About eight months ago, a week after my annual pap smear, I got a call from my OB/GYN’s office. They wanted me to come in and talk to my doctor about the results of my pap. Normally, I was given a code to call a mailbox and get my results that way. I asked them if I could do that again because that’s a thirty minute, worry my butt off drive that I definitely did NOT want to take. “No”, they said. “You have to come in.”
I have to tell you – nothing is more terrifying than a doctor’s office insisting on a face-to-face.
The next day I made that drive to Dr. H’s office with my stomach so heavy it hung somewhere around my knees. Once there, I grabbed the pen at the front desk, but my palms were so sweaty that I had to wipe it off again after signing in. Rose, the nurse who usually greeted me with a smile, told me to go straight back to Dr. H’s office.
I knocked lightly on the door and paused a moment, taking a crazy deep breath, before stepping in.
After the small talk was out of the way, the conversation was a blur. I’d never before wished so hard that I had someone at the gyno with me. I do vividly remember him pulling out a pamphlet and pointing to the different diagrams, explaining the rapid rate at which my cells were multiplying. It was like the carpet had been yanked out from under me, but I’d yet to hit the ground.
“Heather, do you understand what I am telling you?”
I nodded because I couldn’t speak; all I could do was chant the word ‘cancer’ over and over again in my head. You just told me I have cancer.
Not exactly, it turns out. Dr. H circled the stage I was in, stage two (moderate dysplasia), where the cells are growing at an alarming rate, but hadn’t yet made it into my uterus. He assured me that because we caught it early (never before had I been so grateful for being such a stickler to that yearly pap schedule!), it hadn’t fully developed into cancer. The treatment was easy (why do doctors think awful things are easy?) because all they’d have to do is freeze my cervix. Yes, people, I said freeze, or cryosurgery to be more specific. And he smirked while saying it. Like treating it could be fun. TBH, my doctor’s idea of a fun, easy time is WAY different than mine.
After asking way more questions than my doctor could ever have expected, I had a better understanding of what was going on. And yeah, I’m guessing Dr. H probably didn’t expect all those questions, but after the big ‘C-word’ freakout in my head, I knew my sanity was at stake. In my head I kept jumping to the worst case scenario, thinking of what could happen if the treatment didn’t work, all while managing to put on a brave face and smile. I needed repeated reassurance from the good ol’ doc to calm down, about twenty minutes worth to be exact.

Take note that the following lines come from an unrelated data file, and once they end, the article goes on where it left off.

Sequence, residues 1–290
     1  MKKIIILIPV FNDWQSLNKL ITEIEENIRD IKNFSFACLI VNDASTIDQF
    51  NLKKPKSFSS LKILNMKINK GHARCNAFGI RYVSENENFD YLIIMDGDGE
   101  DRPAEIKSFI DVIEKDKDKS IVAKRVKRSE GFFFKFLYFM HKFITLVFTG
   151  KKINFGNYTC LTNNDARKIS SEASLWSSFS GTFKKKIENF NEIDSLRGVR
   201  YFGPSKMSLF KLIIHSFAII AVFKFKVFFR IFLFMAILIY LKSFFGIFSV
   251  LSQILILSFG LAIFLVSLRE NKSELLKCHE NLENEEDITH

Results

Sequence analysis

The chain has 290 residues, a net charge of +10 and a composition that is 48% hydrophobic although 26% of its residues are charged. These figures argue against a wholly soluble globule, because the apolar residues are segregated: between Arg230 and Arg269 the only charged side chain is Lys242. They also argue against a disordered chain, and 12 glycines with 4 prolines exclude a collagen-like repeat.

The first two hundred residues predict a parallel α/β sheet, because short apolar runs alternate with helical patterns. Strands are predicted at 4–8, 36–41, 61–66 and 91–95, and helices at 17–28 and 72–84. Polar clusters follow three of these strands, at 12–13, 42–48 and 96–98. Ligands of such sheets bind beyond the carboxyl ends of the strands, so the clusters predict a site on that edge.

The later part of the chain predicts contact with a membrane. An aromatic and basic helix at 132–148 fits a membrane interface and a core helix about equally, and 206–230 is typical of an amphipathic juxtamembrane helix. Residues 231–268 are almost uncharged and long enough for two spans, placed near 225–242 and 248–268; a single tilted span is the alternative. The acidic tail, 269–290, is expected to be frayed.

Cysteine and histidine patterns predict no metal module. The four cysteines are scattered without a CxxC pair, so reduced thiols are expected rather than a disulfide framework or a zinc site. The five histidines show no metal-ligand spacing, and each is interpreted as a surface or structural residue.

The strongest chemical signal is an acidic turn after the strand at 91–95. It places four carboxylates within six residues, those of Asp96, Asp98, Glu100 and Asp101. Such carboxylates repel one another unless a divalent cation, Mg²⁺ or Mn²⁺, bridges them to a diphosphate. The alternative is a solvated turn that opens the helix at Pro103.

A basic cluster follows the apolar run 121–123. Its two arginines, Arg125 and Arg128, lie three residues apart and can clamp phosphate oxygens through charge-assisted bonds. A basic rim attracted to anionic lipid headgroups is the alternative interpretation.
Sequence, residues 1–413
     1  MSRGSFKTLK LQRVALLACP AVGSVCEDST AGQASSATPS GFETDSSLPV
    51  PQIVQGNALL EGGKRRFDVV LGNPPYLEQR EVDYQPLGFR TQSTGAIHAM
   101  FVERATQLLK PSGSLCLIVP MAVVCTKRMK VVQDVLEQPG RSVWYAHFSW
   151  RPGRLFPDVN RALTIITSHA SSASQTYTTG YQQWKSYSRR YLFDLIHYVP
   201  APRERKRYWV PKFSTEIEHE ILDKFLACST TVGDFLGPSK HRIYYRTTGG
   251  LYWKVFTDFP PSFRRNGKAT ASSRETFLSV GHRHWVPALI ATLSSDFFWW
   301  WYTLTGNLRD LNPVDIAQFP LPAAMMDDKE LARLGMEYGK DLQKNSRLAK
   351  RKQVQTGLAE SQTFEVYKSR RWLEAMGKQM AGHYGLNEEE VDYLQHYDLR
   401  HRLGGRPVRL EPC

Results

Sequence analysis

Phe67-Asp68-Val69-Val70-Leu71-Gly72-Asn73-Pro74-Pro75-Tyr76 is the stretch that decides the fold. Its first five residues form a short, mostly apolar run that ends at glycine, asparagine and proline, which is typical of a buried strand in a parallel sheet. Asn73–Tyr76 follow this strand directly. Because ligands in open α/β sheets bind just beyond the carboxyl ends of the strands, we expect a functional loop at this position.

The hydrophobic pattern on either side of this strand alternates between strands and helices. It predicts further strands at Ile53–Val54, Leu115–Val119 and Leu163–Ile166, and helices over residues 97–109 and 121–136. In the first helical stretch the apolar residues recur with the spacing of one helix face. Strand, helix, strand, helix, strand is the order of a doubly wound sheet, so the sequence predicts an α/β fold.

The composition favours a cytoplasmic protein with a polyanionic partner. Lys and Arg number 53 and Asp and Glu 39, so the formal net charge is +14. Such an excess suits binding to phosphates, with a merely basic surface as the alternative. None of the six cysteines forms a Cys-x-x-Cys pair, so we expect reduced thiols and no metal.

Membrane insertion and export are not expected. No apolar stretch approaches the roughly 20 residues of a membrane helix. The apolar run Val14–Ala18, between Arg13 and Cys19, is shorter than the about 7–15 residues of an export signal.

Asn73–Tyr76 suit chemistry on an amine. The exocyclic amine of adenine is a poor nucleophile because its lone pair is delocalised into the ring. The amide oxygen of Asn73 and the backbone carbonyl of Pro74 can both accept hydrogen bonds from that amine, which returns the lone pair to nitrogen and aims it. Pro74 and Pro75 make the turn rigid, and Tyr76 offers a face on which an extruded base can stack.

Thankfully, that’s exactly what happened. Dr. H assured me that by freezing the abnormal cells in my cervix, it would prevent them from growing, and thereby stop cancer from developing. So even though it sounded like a nightmare scenario out of Doctor Dread or something, it was actually not-so-bad. He even told me that with this type of treatment, I still had the option to have kids later on.
Eventually, I did leave the office, convinced that I did NOT have cancer, but I needed to do this surgery and keep up with a new and resounding FOUR PAP SMEARS A YEAR in order to keep it at bay. The shock wore off in a few days and I finally read that brochure my doctor gave me, and hit up the ol’ Google-Net for the rest of the questions that seemed to bounce around incessantly in my head. I learned that the numbers were good in my case, so I should stop worrying and just be glad that my pap talked back.
As women, we have the incredible gift of being able to bring new life into this crazy world, if we are brave enough to chose so. I always imagined that I would be a mother someday, there was no doubt in my mind. I mean I can’t be the only little girl who had a Barbie Dream House (with the pool and the car of course) that set the standard for the “perfect future life.” All that was missing were the kids.
For a moment, when Dr. H told me the worst case scenario, my “plan” seemed to crumble into a rancid pile of dust right before my eyes. All that time I spent worried about the best time to have a baby could just as easily have been spent believing I’d also some day win Mega Ball. Luckily, my doctor chose cryosurgery to treat my cervical dysplasia, and that decision left it open for me to still have children someday. He went on to tell me about another patient who had three kids after cryosurgery. It’s as if that dust reassembled itself into the shape of my future child and winning the lottery became not such a distant dream…just a different form.
I say all of this because there’s a good chance that if you’re reading this, either you or someone you know has or will go through it, too. And it is scary, but it isn’t hopeless. Talk to your doctor, find your options, do some research and know that you are definitely not alone.